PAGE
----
Questions tagged [epistemology]

Epistemology is the study of knowledge, acquisition thereof, and the justification of belief in a given claim.

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What is a mathematical or logical name for the process of proving a statement by exhausting the domain?

I am trying to understand logic and I came across a set of actions that I describe below that I can't get my head around. Suppose you have a bag of multiple colored balls. Situation 1. Argument: ...
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What is Kant's argument about the relationship between logic and reason?

At Wikipedia, I read: Logic arose (see below) from a concern with correctness of argumentation. Modern logicians usually wish to ensure that logic studies just those arguments that arise from ...
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How can I solve my contradictory thoughts about the relevance of human knowledge?

I have been thinking about how much we can know and more importantly: which knowledge should be relevant to us? First I will explain my thoughts to you. They will end in a questionable conclusion for ...
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What role does “counting histories” play in Deutsch's critique of the “simulation argument”?

In his book The Beginning of Infinity, David Deutsch argues that there is a problematic assumption behind the simulation argument that "virtually all instances of us are in ... simulations and not in ...
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Which of Plato's Dialogues should I read to learn about Socrates' views on science and epistemology?

Which of Plato's Dialogues should I read to learn about Socrates' views relevant to the philosophy science and epistemology? I'm quite a beginner in these things and the titles of the Dialogues are ...
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What is the connection between these two theories in the Theaetetus?

In the Theaetetus, one of the theories of knowledge examined by Socrates and Theaetetus is that all knowledge comes from perception. At the same time, they are examining another theory: that ...
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710 views

Is the Cartesian methodological doubt deeply flawed?

In order to acquire irrefutable knowledge, Descartes first doubted everything, even the existence of an external world. Then, starting from the "cogito, ergo sum", he started proving the existence of ...
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Is there an accepted term for the idea that: “an idea's validity is increased with age”

Is there a field or term which can be used to describe conjecture on the notion that: The validity of an idea is related to the length of time it has been debated. Such a field would concern (or, ...
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Is there an accepted term for the idea that: “an idea's validity is increased by the number of proponents”

Is there a field or term which can be used to describe conjecture on the notion that: The validity of an idea is related to the number of proponents/opponents of the idea. Such a field would ...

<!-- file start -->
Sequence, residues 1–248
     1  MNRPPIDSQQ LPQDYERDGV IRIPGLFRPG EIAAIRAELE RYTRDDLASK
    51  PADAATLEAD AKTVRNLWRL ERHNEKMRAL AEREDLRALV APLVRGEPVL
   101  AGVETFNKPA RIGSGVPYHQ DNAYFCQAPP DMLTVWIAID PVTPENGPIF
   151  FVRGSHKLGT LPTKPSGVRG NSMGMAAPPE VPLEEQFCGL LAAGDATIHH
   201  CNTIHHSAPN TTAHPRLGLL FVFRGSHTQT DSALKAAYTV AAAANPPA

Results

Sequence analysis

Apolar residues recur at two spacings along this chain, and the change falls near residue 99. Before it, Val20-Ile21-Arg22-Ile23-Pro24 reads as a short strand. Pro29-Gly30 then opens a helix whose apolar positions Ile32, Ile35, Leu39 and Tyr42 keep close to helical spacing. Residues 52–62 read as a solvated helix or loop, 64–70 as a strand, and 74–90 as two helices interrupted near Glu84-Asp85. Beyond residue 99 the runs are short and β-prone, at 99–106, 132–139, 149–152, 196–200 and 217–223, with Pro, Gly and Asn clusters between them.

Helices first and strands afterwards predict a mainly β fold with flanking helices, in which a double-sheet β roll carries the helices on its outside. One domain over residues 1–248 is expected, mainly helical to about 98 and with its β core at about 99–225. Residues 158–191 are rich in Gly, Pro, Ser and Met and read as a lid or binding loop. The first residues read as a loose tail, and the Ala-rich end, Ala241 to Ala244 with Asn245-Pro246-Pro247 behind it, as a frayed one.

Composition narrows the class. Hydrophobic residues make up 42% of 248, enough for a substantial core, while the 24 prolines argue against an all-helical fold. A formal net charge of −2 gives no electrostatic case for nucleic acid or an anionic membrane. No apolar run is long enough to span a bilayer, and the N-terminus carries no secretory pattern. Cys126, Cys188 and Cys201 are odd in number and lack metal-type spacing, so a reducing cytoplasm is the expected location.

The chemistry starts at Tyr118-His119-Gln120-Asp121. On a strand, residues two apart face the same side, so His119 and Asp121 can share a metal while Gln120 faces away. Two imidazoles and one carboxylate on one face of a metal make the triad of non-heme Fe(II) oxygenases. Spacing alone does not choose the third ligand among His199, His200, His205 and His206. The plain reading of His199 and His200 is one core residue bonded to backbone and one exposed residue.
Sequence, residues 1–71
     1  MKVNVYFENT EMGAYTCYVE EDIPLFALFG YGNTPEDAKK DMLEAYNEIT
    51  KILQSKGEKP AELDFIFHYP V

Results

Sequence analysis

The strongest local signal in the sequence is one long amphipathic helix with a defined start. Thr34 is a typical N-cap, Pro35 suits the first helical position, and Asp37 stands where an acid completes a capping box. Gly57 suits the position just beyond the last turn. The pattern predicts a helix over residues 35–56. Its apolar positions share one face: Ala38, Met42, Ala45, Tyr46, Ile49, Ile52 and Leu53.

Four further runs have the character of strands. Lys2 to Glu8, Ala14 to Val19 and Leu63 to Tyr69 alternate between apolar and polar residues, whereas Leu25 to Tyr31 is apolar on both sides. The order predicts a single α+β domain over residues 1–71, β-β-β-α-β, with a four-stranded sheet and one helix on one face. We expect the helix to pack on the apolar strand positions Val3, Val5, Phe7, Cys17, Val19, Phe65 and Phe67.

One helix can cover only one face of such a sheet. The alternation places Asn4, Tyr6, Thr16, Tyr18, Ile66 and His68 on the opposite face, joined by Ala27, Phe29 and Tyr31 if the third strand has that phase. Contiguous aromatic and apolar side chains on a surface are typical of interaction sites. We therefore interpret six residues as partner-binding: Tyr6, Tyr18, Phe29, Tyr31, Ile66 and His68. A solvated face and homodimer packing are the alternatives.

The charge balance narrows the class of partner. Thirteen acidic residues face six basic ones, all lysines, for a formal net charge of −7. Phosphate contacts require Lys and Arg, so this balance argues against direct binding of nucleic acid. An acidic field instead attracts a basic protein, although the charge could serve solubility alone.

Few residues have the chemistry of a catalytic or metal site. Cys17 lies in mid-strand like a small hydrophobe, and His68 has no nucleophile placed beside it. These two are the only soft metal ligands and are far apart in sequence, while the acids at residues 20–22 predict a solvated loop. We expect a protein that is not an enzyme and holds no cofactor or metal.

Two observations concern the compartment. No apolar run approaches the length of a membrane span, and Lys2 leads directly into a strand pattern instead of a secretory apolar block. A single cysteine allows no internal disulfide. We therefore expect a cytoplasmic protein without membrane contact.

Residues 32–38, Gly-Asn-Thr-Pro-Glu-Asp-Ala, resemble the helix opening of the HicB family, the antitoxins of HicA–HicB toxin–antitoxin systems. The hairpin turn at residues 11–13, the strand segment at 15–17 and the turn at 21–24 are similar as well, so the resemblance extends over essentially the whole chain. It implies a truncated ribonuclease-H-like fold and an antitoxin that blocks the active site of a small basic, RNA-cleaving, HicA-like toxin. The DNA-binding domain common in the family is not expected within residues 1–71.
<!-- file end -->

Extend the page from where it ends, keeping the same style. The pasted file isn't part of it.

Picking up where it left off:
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What caused the turns from monism to dualism in Russell and Chalmers?

Why did Chalmers shift from idealism to dualism? And Russell from materialism to neutral monism? Edit: The particulars of Russell is recounted in A.C. Grayling's 'Russell: A Very Short Introduction' (...
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What consequences has Locke's theory of knowledge had on modern political thought?

According to John Locke's notion of tabula rasa, there are no innate ideas in the mind. All human knowledge comes from sensible experience. Assuming this principle, it follows that there is no innate ...
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Is it reasonable to arrive at a conclusion based on lack of evidence to the contrary?

I was having a discussion last night about my atheism, and it was suggested to me that agnostism is the only reasonable conclusion, as it leaves the door open for new information. This made me think, ...
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Did Wittgenstein's maxim about doubt and knowing originate from Descartes?

Wittgenstein said, "If you cannot doubt a thing, you cannot know it." For example he said that you cannot know your pain because you cannot doubt that you are in pain. I don't quite understand this ...
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Have there been any attempts to “redo” epistemology without the factivity of knowledge?

Mainstream analytic epistemology seems to take for granted that for S to know p, p must be true. I do not share this intuition. It seems that to be properly internalist about knowledge, one can't ...
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What does Epistemic Closure mean?

I keep coming across this term and would appreciate it if someone could define it for me and also provide a relevant example.
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Do all sciences use the same fundamental approach - the scientific method?

Even so I admit that the statement "All sciences use the same fundamental approach - the scientific method" may be true or false, it is not obvious to me whether it is actually true or false. I ...